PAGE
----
Following this idea, we investigated the time course of dialog with regard to difference scores. When plotting the cumulative sum of these scores over the trial sequence, the slope of the resulting curve depends on the difference score: the higher the score, the steeper the curve. In general, groups that revealed a high level of adaptation showed a low slope of the resulting curve whereas groups that adapted each other’s strategies to a lesser extent revealed a steeper curve. Taking three groups as examples that differed with regard to their target trial accuracy, we found that the more successful the group was (i.e., in maintaining overall high target trial accuracy), the lower the difference scores remained over time, indicating a constantly high level of strategy adaptation (see, group 10). As expected, the opposite pattern was found in unsuccessful groups (i.e., revealing overall low target accuracy) that showed high difference scores throughout the dialog, reflecting that participants consistently used different strategies. Group 12 (Figure 6), for example, showed this opposite pattern: constantly high difference scores arose due to different descriptions strategies between interlocutors, leading to a steep increase of the curve over time and low target trial accuracy (15.3%). Group 14 can be considered as being moderately successful with a target accuracy of 55.6%. Note that this percentage indicates that participants misunderstood each other nearly half of the time.

However, even though we can conclude that mutual adaptation of strategies seems to be strongly facilitating communicative success, an open question remains why some groups showed high levels of adaptation while other groups did not adapt at all. This question cannot be answered unambiguously but there may be two explanations. Haywood et al. (2005) have shown that speakers in a dialog study were sensitive to the ease of comprehension for their interlocutor, disambiguating their descriptions in visually ambiguous contexts. Thus, on the one hand, the lack of disambiguation in some of the groups in our study could reveal that participants erroneously assumed they were successful because they failed to notice the potential ambiguity. This stands in line with the claim that people are normally not aware of the fact that there are two alternative FOR (Grabowski and Miller, 2000, p. 526). On the other hand, we cannot exclude that participants may have deliberately chosen not to adapt to each other’s strategies, for instance due to a lack of motivation for solving the task successfully. Thus, collaboration may well be a prerequisite for successful communication.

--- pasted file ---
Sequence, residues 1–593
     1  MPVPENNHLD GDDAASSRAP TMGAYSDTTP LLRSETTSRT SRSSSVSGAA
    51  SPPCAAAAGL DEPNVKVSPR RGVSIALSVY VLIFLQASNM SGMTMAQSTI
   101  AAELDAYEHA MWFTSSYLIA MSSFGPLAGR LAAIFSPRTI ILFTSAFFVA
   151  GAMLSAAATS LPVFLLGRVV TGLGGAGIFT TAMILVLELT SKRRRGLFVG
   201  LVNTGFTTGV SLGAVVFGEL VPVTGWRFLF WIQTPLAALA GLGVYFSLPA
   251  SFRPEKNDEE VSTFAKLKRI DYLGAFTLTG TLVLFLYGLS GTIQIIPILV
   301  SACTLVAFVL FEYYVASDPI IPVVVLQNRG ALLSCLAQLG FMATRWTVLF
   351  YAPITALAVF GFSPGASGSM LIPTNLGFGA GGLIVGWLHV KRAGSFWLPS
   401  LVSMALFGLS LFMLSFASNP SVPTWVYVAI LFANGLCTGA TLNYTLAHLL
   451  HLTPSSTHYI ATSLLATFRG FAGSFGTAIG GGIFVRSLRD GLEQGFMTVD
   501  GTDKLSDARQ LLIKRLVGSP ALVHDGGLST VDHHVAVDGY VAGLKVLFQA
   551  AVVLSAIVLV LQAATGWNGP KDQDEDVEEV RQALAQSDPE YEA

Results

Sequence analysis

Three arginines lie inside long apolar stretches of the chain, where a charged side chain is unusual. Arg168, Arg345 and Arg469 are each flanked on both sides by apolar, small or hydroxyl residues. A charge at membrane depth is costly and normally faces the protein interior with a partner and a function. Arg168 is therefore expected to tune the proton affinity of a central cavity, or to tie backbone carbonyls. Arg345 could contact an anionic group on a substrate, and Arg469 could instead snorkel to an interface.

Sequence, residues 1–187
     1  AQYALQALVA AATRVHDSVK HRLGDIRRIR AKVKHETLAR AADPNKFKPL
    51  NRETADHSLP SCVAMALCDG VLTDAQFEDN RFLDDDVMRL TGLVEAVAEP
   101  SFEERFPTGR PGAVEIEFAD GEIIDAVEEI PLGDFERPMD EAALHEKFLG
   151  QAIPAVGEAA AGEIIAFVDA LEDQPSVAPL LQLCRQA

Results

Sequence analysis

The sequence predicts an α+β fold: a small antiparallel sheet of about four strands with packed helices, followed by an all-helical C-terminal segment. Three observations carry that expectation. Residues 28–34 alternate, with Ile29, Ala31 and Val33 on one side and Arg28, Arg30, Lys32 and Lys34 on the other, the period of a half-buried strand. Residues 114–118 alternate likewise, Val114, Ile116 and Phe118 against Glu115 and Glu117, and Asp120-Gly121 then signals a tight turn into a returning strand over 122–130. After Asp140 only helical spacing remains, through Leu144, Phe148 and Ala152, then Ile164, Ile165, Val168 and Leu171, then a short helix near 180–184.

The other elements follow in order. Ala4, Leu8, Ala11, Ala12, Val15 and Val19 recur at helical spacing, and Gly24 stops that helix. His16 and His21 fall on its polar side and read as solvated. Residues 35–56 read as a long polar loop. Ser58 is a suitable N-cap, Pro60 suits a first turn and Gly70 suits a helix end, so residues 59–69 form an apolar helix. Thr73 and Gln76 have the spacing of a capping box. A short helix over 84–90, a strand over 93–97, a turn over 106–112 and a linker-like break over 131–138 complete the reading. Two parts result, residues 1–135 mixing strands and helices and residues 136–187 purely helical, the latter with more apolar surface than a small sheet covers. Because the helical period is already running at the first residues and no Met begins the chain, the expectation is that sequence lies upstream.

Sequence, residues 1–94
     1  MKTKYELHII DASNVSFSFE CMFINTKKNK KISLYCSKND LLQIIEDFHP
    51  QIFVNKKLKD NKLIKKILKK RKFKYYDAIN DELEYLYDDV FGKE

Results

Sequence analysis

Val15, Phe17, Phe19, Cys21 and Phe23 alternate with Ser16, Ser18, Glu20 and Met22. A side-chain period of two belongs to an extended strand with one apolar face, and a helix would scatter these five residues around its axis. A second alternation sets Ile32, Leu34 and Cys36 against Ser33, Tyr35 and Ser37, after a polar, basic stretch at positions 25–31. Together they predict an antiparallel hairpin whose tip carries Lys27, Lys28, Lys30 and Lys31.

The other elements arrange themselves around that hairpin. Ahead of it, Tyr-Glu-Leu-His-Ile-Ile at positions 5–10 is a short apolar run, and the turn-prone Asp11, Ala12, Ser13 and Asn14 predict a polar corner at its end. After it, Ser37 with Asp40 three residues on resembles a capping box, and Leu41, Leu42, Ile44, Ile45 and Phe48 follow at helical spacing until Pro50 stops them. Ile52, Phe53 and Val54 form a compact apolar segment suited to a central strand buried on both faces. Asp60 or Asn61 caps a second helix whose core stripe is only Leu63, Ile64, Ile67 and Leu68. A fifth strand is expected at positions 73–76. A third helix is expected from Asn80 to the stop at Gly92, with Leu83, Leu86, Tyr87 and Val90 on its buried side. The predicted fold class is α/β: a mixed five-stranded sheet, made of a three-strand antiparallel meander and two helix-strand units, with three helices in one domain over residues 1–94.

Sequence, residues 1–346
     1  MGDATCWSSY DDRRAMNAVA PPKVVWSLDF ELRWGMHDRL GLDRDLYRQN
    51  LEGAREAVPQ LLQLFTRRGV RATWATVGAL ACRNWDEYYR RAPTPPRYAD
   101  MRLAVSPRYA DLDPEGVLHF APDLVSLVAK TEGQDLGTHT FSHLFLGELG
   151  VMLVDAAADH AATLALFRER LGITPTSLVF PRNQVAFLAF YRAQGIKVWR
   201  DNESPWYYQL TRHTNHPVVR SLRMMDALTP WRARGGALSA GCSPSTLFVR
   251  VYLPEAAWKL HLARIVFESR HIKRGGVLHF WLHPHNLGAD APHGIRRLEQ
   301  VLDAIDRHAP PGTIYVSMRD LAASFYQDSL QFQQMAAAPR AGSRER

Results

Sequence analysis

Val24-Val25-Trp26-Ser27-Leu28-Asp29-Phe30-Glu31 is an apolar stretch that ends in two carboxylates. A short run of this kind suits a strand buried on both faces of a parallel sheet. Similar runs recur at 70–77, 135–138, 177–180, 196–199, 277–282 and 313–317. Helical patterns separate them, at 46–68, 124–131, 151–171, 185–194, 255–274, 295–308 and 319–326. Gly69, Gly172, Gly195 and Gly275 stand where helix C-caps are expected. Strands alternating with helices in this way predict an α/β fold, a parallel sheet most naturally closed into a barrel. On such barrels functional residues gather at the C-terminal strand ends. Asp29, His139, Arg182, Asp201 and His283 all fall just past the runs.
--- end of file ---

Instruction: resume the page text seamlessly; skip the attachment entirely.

In a final step, we investigated the dialogs for qualitative strategies. Qualitative strategies consisted of explicitly adding a perspective to the FOR (e.g., “[...] as seen from my/the chair’s perspective” or “[...] if you sit in the chair”), reference to intrinsic features of an object (e.g., “The plant is behind the backrest of the chair”), or the use of specific verbs (e.g., “The plant disappears behind the chair”). Qualitative strategies were used in nearly one third of the descriptions in addition to the intrinsic or relative FOR. The use of these strategies suggests that the director was aware of the ambiguity problem and tried to help the matcher by adding unambiguous information to resolve it. The fact that this was done quite often may result from the role switching in the dialog. As both interlocutors were confronted with FOR ambiguities when they were the matcher, they were aware of the problem when they were director.